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Center for Justice & Democracy study on new media

A Center for Justice & Democracy study complains that "new media" overreports big-money plaintiffs' verdicts, while failing to report on all the small-money verdicts and losses. This strikes me as akin to complaining that there was a lot more tweeting about David Freese's World Series walk-off home run, when there are far more Little Leaguers who pop out to shortstop. Of course the news stories that are interesting and novel are going to get more attention than the events that are routine. Readers don't want to read about $15 thousand traffic accident cases, even if there are many more of them than multi-million-dollar propofol cases. Nor should they: the latter has real public policy consequences from trial lawyers putting profits ahead of people, while most traffic-accident cases do not.

So far CJD is doing nothing but identifying the obvious. But then, in its typically shoddy fashion, CJD draws conclusions that its data do not support. As I point out in an interview with Fair Warning, CJD's complaint about shorthand media reports does not support its conclusion that the result is to prejudice plaintiffs and the civil justice debate.

For example, CJD complains that newsrooms fail to mention that caps will reduce verdicts in many cases. But this is hardly a conspiracy by corporate media to promote an image of jackpot justice. It's plaintiffs' lawyers who are using the big (and often ultimately unsustainable) verdicts to draw business to themselves. For example, in Ernst v. Merck, as I pointed out contemporaneously, Mark Lanier's $253 million verdict could not possibly stand under Texas law's caps; indeed, as I predicted at the time, the entire judgment was thrown out for trial shenanigans. But Lanier disingenuously told reporters for over a year that he didn't think caps would apply to his verdict, and stalled the eventual appellate reversal so that he could use the publicity from the megaverdict to sign up thousands of clients that plaintiffs' lawyers ultimately turned into a multi-billion dollar settlement against an innocent defendant. Lanier's loss in Ernst, and the fact that Merck was victimized by thousands of fraudulent cases, didn't get a fraction of the publicity of the initial flawed jury verdict. That sort of analysis is absent from the one-side CJD "study."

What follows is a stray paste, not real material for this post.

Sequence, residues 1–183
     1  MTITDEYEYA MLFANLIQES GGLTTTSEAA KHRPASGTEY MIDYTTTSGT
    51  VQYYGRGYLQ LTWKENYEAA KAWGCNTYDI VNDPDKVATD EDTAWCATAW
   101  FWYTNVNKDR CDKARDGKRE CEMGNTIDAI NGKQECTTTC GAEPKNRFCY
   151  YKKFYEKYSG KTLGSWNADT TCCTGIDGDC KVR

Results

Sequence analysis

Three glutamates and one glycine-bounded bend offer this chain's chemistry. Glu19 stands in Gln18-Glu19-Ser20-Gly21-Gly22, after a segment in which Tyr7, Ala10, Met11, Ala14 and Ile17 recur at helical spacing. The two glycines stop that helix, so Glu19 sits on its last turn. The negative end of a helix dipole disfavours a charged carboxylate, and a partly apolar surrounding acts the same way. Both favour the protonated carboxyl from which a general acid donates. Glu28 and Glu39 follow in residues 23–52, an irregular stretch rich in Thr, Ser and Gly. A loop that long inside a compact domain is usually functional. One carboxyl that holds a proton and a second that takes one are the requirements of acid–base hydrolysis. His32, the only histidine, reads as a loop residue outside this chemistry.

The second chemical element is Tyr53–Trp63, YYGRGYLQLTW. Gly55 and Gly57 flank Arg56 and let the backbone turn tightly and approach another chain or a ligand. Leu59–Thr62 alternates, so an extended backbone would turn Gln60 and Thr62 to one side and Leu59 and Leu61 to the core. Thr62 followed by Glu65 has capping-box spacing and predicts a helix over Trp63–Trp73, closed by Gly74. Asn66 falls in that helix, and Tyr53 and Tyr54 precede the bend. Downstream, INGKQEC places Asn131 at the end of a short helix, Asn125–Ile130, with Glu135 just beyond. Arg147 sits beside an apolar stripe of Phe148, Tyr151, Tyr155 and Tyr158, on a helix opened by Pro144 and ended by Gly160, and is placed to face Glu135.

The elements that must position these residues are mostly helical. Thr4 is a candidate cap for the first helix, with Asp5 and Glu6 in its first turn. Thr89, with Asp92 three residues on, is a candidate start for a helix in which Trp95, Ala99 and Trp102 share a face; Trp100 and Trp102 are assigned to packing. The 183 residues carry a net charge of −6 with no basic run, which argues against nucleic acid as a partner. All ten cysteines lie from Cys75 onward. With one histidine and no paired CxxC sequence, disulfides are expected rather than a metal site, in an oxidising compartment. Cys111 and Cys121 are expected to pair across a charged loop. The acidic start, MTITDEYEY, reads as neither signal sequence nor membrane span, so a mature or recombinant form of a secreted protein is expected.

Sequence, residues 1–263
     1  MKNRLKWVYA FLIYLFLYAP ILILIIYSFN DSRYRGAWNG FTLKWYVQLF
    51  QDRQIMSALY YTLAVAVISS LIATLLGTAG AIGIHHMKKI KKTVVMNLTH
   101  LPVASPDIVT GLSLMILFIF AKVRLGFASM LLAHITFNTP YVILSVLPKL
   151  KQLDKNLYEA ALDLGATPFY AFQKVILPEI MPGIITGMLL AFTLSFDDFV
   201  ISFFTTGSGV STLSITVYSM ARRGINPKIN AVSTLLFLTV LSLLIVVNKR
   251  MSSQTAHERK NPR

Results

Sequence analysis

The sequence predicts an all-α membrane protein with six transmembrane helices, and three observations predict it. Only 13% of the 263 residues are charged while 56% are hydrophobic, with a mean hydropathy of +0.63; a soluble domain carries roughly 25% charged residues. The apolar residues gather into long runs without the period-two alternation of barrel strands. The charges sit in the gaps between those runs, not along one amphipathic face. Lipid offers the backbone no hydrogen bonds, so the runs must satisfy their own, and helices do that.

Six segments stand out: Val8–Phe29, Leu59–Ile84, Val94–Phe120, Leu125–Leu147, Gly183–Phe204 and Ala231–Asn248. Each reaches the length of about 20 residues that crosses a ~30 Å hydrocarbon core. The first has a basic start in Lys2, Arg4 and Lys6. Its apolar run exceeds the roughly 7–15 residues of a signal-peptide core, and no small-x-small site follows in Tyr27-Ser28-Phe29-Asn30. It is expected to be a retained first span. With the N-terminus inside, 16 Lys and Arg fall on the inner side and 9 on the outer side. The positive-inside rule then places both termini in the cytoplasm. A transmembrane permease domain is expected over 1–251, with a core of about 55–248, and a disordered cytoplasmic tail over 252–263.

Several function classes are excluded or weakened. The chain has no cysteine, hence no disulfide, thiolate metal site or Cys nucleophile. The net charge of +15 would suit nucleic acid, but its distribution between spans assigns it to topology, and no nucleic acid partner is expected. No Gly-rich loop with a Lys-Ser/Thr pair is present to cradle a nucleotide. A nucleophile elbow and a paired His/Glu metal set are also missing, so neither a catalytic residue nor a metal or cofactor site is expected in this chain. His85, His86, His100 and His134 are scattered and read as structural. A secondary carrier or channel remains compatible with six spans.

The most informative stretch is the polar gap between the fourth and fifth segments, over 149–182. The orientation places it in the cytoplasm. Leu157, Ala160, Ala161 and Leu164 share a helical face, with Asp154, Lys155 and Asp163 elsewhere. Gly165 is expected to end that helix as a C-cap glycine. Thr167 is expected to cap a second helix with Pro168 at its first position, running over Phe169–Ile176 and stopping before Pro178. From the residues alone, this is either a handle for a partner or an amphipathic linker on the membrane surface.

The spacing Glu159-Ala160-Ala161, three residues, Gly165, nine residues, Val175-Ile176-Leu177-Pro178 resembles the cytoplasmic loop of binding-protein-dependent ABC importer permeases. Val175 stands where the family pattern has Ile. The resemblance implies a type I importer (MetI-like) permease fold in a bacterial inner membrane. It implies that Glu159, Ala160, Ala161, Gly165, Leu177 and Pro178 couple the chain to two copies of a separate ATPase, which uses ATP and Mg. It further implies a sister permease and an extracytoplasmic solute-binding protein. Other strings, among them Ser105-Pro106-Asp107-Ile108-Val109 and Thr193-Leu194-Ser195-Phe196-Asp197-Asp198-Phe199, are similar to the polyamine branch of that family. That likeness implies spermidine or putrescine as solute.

Similarly, the exoneration of Toyota in the trial-bar's ginned-up sudden-acceleration hysteria got a fraction of the publicity as the original false claims of the trial bar; Jamie Leigh Jones's false accusations got much more promotion than the fact that they contradicted the evidence and a jury quickly rejected them. Teva and other propofol manufacturers are being dragged through the mud in the coverage of the Nevada litigation over propofol misuse, while the unfairness of that litigation gets a fraction of the coverage, and almost never mentioned in the stories about the big verdicts themselves. Susan Saladoff's dishonest documentary on the McDonald's hot coffee case has a far bigger footprint on the web than the truth about why the case is frivolous. (Ironically, Wyzga does a mea culpa for taking the CJD study on faith without considering the other side of the story, and then repeats the mistake with "Hot Coffee" in the next blog post.) conclusions on faith without considering the other side, and The media is far more likely to report sympathetically about litigation as a David-and-Goliath story when, in fact, the trial bar is wealthy and politically connected, and willing to use that power to extract wealth using trumped up allegations that fail to distinguish the innocent from the guilty. Again, this sort of analysis is absent from the CJD paper. The legal establishment promotes CJD's dishonest blog, while debunking websites are ignored.

Yes, media coverage of the civil justice system can be sensationalistic and skewed (as is the media's coverage of most events). But it's corporate defendants that bear the brunt of it.

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Rafael Mangual
Project Manager,
Legal Policy

Manhattan Institute


Published by the Manhattan Institute

The Manhattan Insitute's Center for Legal Policy.